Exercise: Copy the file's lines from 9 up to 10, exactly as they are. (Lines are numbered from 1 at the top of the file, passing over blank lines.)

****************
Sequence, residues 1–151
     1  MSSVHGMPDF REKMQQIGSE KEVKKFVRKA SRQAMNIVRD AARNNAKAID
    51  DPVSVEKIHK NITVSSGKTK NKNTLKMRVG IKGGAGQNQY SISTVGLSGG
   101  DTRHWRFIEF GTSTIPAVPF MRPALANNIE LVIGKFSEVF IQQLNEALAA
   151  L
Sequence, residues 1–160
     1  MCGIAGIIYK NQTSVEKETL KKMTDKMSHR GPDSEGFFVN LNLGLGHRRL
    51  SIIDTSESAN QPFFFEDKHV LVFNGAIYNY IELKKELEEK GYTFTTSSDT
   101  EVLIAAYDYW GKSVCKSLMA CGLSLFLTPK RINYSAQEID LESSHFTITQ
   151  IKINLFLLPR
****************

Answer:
   101  EVLIAAYDYW GKSVCKSLMA CGLSLFLTPK RINYSAQEID LESSHFTITQ
   151  IKINLFLLPR